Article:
When we don’t have support: What about those who simply have not support? Sometimes our social systems are just not set up in a way where everyone can access what they need. It’s my longing that we continue to build community connections and lobby for services where support can continually be offered to people who do not have support: those who live alone, single parents, refugees, people struggling with mental illness and people living in abusive relationships. An important part of our work in Aware with Words is to contribute to this need by offering scholarships for coaching and communication support to those who cannot afford a standard fee.
Fear of being vulnerable: Another barrier to asking for what we need is fear of being vulnerable – even when our immediate safety is not at risk. It can take great courage to drop the masks we hide behind and ask for support. I’m reminded of Marshall Rosenberg’s words, in his book “Nonviolent Communication: A Language of Life”1: ‘We’re often judged harshly for identifying and revealing our needs.’ I appreciate his acknowledgement that ‘revealing our needs can be very frightening’.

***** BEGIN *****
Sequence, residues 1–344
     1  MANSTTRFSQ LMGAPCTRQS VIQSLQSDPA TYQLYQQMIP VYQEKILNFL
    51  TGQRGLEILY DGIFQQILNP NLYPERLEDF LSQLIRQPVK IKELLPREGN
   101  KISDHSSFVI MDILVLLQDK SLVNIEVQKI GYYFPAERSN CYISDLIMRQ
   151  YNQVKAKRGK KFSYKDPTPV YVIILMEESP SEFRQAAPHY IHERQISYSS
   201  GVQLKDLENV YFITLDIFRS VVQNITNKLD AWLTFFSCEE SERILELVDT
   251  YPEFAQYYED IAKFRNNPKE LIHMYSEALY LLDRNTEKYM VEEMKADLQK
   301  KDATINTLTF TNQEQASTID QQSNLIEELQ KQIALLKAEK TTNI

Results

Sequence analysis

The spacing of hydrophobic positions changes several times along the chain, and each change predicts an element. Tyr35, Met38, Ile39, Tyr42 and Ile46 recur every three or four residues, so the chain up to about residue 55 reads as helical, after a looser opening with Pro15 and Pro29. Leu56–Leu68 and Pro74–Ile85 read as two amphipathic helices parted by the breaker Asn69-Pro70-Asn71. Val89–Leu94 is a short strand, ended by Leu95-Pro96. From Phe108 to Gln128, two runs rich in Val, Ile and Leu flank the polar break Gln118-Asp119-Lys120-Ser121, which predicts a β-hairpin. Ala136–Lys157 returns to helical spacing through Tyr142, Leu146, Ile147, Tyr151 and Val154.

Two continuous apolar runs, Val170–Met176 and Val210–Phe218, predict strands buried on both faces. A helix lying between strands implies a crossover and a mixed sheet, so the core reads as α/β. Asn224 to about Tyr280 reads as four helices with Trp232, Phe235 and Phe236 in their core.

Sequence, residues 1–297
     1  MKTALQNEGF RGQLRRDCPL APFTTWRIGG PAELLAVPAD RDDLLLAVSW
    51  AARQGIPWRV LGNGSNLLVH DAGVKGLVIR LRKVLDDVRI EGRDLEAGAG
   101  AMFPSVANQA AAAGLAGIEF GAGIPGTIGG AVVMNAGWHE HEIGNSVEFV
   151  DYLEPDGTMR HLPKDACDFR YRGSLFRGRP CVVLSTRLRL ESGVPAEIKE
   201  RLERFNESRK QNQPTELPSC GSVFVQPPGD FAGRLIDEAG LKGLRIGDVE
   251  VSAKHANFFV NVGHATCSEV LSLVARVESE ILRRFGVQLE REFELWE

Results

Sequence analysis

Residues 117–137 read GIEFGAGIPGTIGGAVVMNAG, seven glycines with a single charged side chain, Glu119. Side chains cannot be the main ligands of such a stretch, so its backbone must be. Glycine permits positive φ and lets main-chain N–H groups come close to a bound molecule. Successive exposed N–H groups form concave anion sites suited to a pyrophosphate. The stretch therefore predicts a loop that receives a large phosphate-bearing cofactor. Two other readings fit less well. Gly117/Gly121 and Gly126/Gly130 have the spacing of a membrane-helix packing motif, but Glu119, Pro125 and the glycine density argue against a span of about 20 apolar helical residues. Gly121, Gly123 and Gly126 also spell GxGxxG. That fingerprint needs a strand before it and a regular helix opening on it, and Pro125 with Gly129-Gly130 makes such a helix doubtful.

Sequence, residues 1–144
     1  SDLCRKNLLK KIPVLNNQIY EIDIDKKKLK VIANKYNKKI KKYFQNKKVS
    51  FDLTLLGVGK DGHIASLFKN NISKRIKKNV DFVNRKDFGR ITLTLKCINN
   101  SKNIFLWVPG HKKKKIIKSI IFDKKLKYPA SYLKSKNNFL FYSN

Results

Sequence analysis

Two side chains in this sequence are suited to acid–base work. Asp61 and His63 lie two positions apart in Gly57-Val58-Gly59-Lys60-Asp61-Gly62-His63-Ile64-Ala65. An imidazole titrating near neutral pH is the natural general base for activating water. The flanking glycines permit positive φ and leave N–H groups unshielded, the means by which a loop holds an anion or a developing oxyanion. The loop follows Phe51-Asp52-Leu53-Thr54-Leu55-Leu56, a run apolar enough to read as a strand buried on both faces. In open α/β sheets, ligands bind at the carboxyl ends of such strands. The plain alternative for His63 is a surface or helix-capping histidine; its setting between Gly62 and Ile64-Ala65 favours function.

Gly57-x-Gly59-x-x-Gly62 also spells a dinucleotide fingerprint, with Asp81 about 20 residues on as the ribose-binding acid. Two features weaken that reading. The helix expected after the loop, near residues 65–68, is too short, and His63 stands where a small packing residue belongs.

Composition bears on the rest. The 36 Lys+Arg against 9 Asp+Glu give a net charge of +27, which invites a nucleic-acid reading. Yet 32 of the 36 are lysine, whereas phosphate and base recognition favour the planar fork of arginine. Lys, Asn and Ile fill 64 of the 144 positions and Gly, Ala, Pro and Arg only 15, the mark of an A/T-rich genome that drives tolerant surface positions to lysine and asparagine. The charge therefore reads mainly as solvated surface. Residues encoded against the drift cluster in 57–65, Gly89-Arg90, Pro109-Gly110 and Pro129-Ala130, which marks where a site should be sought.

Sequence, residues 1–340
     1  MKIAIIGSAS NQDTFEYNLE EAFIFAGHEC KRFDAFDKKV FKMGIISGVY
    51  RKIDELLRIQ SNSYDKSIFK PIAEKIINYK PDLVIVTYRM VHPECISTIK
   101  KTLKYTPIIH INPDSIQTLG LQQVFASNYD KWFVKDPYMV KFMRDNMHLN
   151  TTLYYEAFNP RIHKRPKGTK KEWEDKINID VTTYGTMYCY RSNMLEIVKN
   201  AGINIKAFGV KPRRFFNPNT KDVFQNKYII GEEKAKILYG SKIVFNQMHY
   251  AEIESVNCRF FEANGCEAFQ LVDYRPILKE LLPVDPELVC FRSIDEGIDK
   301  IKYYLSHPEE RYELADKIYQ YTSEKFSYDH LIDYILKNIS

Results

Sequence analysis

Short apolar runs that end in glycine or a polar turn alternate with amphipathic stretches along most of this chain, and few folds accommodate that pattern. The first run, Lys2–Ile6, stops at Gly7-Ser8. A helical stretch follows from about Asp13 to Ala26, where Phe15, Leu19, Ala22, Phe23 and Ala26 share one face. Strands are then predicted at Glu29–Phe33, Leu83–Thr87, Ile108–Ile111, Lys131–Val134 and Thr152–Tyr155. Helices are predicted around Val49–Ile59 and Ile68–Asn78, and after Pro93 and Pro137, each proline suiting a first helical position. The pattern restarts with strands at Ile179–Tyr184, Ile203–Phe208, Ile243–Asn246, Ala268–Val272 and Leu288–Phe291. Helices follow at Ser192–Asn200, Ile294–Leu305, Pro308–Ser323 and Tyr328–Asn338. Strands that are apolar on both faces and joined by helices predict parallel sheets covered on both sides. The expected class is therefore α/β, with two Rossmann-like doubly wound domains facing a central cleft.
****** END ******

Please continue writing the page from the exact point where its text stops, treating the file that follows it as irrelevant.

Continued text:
Rosenberg makes this reference particularly with women in mind; women who may be ‘socialised to view the caretaking of others as their highest duty’. I suspect that for many men, however, vulnerability is just as frightening, especially when they have been socialised to never show emotion or perceived weakness. And, for leaders in organisations, vulnerability is something that is only slowly finding its way into the management lexicon.
Limiting beliefs: A final barrier to asking for what we need can be our beliefs. Our belief that “support is never available” may be a protection from choosing the path of vulnerability and not having the control we thought we had. “I don’t have needs” or “My needs don’t matter” are other beliefs that can keep us out of connection with ourselves and our resourcefulness and out of connection with others.
What is possible if we ask for what we need?
So much is possible when we ask for what we need, and most of it is summed up in the word ‘connection’ – with ourselves and with others.